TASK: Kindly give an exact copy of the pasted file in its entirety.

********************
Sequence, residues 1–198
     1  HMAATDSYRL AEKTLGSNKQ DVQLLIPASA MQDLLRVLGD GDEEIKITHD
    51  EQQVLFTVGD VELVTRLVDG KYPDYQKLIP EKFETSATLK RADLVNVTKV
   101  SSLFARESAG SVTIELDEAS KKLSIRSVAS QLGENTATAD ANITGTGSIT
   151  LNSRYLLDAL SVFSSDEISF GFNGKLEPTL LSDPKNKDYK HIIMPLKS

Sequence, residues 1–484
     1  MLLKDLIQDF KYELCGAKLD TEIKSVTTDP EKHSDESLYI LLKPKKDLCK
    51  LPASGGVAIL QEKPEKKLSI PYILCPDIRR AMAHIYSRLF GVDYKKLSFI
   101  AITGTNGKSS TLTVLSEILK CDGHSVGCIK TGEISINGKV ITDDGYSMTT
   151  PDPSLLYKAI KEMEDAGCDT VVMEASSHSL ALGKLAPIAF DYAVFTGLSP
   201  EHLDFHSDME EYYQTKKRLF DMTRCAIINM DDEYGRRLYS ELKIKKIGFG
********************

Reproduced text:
Sequence, residues 1–198
     1  HMAATDSYRL AEKTLGSNKQ DVQLLIPASA MQDLLRVLGD GDEEIKITHD
    51  EQQVLFTVGD VELVTRLVDG KYPDYQKLIP EKFETSATLK RADLVNVTKV
   101  SSLFARESAG SVTIELDEAS KKLSIRSVAS QLGENTATAD ANITGTGSIT
   151  LNSRYLLDAL SVFSSDEISF GFNGKLEPTL LSDPKNKDYK HIIMPLKS

Sequence, residues 1–484
     1  MLLKDLIQDF KYELCGAKLD TEIKSVTTDP EKHSDESLYI LLKPKKDLCK
    51  LPASGGVAIL QEKPEKKLSI PYILCPDIRR AMAHIYSRLF GVDYKKLSFI
   101  AITGTNGKSS TLTVLSEILK CDGHSVGCIK TGEISINGKV ITDDGYSMTT
   151  PDPSLLYKAI KEMEDAGCDT VVMEASSHSL ALGKLAPIAF DYAVFTGLSP
   201  EHLDFHSDME EYYQTKKRLF DMTRCAIINM DDEYGRRLYS ELKIKKIGFG